Skip to main content

Yawn-detecting car nudges sleepy drivers

More coffee, less crashes with yawn-detecting cars
More coffee, less crashes with yawn-detecting cars

A long day, an empty road and too much Classic FM: the perfect recipe for a late-night car crash.

But what if your car could tell when you were getting sleepy and ask you to take a break (or at least switch over to Planet Rock)?

Scientists at the Vanderbilt University in Nashville have come up with a webcam that can tell when you are yawning and catch you before you drift off.

Yawn for the camera

The new system is based around an in-car camera hooked up to image-processing software that captures a sequence of images of the driver's face. It analyses changes in the face and accurately identifies yawning as distinct from other facial movements such as smiling, talking, and singing.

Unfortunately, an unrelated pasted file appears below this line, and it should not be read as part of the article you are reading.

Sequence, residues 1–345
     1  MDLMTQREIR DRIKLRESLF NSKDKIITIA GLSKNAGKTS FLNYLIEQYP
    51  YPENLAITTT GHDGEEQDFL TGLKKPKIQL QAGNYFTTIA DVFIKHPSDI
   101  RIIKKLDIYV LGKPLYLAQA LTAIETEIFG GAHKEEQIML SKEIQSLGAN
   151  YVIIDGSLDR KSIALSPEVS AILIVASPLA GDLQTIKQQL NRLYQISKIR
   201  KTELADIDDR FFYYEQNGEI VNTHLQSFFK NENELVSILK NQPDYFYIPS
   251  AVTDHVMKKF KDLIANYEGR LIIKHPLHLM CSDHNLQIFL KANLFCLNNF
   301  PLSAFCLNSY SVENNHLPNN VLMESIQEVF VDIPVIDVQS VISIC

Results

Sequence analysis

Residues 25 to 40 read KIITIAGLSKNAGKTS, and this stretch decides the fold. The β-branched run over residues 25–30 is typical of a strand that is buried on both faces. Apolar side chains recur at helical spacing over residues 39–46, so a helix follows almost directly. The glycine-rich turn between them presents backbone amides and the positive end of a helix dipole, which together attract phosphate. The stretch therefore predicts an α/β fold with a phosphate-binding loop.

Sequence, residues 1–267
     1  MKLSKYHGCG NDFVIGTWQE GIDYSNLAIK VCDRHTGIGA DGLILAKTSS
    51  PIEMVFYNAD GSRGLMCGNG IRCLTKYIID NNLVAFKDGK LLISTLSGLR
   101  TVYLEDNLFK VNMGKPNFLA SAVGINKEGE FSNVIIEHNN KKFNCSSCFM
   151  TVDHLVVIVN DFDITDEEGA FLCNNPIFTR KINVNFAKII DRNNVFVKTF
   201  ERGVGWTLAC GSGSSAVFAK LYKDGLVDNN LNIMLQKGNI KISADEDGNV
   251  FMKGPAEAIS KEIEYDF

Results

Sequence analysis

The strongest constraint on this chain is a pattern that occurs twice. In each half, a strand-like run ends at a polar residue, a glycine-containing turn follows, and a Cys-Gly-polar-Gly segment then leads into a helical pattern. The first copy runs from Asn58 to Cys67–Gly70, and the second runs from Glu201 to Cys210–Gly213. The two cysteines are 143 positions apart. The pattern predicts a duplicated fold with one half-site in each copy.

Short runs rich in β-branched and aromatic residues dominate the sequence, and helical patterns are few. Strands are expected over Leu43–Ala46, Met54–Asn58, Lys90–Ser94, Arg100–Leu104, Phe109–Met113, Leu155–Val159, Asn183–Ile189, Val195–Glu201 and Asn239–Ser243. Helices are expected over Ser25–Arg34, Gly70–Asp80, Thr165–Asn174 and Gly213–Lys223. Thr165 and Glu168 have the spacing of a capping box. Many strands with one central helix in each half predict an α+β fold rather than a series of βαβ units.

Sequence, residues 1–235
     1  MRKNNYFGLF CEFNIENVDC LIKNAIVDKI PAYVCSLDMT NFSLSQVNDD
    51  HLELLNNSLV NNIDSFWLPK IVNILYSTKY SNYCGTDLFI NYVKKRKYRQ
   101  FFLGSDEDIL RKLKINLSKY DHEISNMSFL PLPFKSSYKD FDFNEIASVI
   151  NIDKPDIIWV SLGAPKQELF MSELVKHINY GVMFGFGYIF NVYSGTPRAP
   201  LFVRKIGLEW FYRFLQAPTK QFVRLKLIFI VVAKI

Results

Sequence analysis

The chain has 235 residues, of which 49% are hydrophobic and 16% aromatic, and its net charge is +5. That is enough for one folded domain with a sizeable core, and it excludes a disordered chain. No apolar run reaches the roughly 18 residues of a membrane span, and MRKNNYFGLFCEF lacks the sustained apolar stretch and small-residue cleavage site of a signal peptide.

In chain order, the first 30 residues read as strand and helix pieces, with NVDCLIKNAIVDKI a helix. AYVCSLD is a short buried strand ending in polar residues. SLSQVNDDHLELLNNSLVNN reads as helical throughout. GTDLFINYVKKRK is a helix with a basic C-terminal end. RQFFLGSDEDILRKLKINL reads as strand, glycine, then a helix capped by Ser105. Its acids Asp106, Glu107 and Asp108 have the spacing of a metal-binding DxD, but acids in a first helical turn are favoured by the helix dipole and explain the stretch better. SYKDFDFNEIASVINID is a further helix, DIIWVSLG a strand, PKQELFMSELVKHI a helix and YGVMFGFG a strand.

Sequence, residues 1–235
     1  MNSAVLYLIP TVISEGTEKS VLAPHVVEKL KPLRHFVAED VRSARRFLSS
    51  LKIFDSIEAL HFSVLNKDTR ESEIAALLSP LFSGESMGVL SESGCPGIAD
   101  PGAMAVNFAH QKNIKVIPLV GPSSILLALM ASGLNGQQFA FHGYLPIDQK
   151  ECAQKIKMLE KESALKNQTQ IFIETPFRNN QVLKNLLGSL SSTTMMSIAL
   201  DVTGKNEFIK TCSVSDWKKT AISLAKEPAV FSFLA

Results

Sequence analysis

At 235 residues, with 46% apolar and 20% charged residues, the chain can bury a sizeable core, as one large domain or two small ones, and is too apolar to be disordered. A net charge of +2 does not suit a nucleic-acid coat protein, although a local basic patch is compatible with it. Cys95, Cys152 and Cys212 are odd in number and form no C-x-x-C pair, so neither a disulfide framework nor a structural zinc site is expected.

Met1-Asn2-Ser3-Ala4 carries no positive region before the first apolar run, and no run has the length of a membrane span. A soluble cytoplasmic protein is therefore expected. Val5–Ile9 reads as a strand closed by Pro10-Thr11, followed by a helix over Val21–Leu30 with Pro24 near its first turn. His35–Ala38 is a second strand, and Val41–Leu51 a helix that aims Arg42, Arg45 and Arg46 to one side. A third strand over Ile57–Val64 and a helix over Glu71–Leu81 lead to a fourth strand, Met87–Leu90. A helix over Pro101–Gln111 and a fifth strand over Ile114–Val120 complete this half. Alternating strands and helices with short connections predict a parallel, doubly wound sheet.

The yawn frequency is then correlated with fatigue behavior and could be hooked up to a warning system to alert drivers to the need to take a break.

The algorithm is effective at yawn detection regardless of image intensity and contrast, small head movements, viewing angle, spectacle wearing, and skin colour.

The US National Highway Traffic Safety Administration estimates that at least 100,000 American road crashes are caused by driver fatigue each year.